6 Quick Tips on Improving Reading Recall

Do you find yourself having to re-read a paragraph you just read? Do you have trouble remembering what you read just yesterday? Here are some easy exercises you can do to put a stop to this time wasting endeavor of information overload.

1. Turn to the editorial page of your daily newspaper. Read the lead editorial. What’s the major point the editor is making? Is it reflected in the title of the piece? Rewrite the title to reflect your understanding of the writer’s point of view. The key is using your own language.

2. Read two different letters to the editor in your newspaper. Have the writers made their points of view clear? Are there parts that are not clear to you? What questions would you ask these letter writers to clarify what they have written? This forces you to pay better attention and be more purposeful in your reading. By you deliberately focusing your mind this way, you automatically start the brain’s process of creating a memory for the material.

3. For this exercise you will need a nonfiction book on any subject of interest to you. Examine the table of contents. On a piece of paper list the three chapters that interest you the most. List them in order of importance or priority to you. Paraphrase the chapter titles in your own words. Hopefully, you are beginning to see a pattern here.

4. Read the book jacket. Write down the two major selling points the publisher gives for buying the book.

5. Read the preface, or foreword, or introduction. Reduce this piece of writing to one sentence. Again, reduction and simplification are two powerful memory builders.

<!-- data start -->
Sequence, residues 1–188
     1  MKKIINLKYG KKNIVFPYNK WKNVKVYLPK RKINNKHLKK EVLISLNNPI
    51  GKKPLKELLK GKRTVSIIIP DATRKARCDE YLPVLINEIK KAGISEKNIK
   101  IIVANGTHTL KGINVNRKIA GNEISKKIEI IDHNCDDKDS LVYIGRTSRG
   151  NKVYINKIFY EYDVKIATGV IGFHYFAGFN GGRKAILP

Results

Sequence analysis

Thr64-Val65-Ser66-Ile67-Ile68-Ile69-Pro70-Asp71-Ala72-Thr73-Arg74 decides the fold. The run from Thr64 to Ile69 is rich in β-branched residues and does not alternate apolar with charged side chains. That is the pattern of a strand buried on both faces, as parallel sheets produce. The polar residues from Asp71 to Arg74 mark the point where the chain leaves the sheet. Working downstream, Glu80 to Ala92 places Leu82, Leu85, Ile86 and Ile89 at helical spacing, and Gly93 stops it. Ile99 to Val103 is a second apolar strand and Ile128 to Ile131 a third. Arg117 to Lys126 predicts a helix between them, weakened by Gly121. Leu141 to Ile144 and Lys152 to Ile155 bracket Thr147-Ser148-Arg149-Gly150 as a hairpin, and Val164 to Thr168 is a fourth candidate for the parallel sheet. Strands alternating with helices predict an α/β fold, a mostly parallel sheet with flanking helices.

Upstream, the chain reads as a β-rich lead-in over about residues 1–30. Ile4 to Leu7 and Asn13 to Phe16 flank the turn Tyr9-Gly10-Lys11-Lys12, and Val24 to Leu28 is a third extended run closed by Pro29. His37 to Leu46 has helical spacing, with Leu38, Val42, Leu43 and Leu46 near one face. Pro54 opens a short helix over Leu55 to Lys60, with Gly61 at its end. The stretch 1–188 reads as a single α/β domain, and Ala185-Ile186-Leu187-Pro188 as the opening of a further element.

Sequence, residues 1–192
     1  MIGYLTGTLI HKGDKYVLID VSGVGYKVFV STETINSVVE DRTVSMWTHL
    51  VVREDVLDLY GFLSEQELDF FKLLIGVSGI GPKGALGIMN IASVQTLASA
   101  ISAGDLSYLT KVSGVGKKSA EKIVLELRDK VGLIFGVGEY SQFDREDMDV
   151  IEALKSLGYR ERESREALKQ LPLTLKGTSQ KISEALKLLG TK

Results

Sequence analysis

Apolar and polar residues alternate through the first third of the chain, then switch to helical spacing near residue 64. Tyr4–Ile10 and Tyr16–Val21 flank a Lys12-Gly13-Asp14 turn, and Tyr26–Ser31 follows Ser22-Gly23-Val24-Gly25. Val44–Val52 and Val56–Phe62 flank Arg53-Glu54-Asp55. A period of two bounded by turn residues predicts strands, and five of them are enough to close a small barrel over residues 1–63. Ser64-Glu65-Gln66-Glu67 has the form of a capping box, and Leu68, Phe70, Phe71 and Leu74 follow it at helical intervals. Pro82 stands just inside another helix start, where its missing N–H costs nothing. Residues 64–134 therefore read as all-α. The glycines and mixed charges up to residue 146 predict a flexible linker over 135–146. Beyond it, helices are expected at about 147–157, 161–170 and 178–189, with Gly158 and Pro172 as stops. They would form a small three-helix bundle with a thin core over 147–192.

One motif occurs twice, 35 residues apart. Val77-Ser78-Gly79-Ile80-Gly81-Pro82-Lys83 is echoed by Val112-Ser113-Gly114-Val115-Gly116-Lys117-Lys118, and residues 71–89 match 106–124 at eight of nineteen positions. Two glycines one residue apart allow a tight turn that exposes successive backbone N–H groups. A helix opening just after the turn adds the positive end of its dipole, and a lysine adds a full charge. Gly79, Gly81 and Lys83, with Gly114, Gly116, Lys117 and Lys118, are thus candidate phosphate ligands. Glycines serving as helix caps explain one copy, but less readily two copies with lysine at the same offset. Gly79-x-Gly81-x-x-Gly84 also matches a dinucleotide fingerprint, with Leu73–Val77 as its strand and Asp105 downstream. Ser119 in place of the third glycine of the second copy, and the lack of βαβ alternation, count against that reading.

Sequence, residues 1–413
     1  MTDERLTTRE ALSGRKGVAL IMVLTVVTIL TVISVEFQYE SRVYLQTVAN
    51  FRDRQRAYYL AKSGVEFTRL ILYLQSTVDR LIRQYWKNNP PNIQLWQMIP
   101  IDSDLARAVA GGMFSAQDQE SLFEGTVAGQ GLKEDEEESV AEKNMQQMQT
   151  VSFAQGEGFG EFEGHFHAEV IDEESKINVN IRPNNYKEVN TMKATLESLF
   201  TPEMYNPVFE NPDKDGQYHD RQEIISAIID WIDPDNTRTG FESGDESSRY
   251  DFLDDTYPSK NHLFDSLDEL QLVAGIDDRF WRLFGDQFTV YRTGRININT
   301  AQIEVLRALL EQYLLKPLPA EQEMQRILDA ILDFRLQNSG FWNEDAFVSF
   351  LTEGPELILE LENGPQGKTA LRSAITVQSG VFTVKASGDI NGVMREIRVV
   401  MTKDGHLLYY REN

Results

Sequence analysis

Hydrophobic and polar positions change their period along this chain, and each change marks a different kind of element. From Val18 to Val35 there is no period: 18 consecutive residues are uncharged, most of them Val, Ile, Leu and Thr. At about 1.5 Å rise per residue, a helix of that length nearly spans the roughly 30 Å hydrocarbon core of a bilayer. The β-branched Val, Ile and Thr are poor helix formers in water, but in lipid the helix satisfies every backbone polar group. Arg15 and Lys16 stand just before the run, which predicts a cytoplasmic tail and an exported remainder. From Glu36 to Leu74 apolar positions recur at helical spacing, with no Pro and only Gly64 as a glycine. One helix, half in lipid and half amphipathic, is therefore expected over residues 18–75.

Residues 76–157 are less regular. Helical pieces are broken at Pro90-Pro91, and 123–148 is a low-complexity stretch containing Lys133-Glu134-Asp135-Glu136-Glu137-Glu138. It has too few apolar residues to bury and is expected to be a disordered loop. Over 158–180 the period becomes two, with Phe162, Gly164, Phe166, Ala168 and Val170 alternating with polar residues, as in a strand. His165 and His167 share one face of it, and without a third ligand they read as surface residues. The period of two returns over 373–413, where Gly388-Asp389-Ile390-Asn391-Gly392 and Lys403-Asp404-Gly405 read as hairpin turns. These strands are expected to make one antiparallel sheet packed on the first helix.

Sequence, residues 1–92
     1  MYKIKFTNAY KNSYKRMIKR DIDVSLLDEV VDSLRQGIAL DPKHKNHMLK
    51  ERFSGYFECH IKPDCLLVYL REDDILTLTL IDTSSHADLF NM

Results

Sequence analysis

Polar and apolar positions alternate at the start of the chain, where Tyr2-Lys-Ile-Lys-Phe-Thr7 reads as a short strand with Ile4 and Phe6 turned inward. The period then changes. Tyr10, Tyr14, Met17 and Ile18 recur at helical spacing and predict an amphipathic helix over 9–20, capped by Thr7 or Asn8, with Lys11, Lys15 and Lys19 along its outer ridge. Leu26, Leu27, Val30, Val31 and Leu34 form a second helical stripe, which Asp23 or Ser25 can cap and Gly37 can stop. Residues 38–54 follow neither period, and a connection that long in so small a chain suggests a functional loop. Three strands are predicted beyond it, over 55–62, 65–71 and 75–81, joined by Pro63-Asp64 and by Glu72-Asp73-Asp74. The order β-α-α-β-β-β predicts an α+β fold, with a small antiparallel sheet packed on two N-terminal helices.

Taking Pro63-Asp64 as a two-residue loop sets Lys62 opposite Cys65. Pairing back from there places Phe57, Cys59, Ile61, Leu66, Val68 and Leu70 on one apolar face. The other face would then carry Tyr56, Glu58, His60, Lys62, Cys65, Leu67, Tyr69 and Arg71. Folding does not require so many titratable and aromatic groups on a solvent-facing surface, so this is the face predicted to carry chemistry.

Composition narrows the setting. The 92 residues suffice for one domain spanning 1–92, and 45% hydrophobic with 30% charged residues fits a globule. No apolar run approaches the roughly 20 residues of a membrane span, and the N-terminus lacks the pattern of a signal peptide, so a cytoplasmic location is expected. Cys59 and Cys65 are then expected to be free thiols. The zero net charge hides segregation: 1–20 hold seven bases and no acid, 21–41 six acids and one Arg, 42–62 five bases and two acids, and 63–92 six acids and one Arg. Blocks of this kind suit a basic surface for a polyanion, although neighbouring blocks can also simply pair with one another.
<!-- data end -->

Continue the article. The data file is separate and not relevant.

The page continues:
6. Assume you are writing a book review on this book. Your editor tells you to devote one paragraph to your recommendation for buying or not buying the book. Write that one short paragraph with your recommendation – of course this one seems to require that your read the book, but even if you don’t read the book look it over well and try to write the paragraph.

By applying these kinds of questions to all of your technical or nonfiction reading, you will find that not only do you understand it better (a prerequisite for recall), but you will also recall the information longer with more accuracy. The basic principles you are applying are:

• Reduction
• Simplification
• Personal Interpretation

Of course there are more, but these strategies will pay big results.

Author's Bio: 

Ed Caldwell is the creator and publisher of the “Masters Online Program: Dynamic Reading, Memory, and Recall” and other live and web-based learning programs. As former National Director of Instruction and Certification for the world famous Evelyn Wood Reading Dynamics program, Ed has 30 years experience teaching and testing new strategies to help people from all walks of life learn more efficiently. You can learn more at www.productivelearn.com/srt , or by emailing ed@productivelearn.com.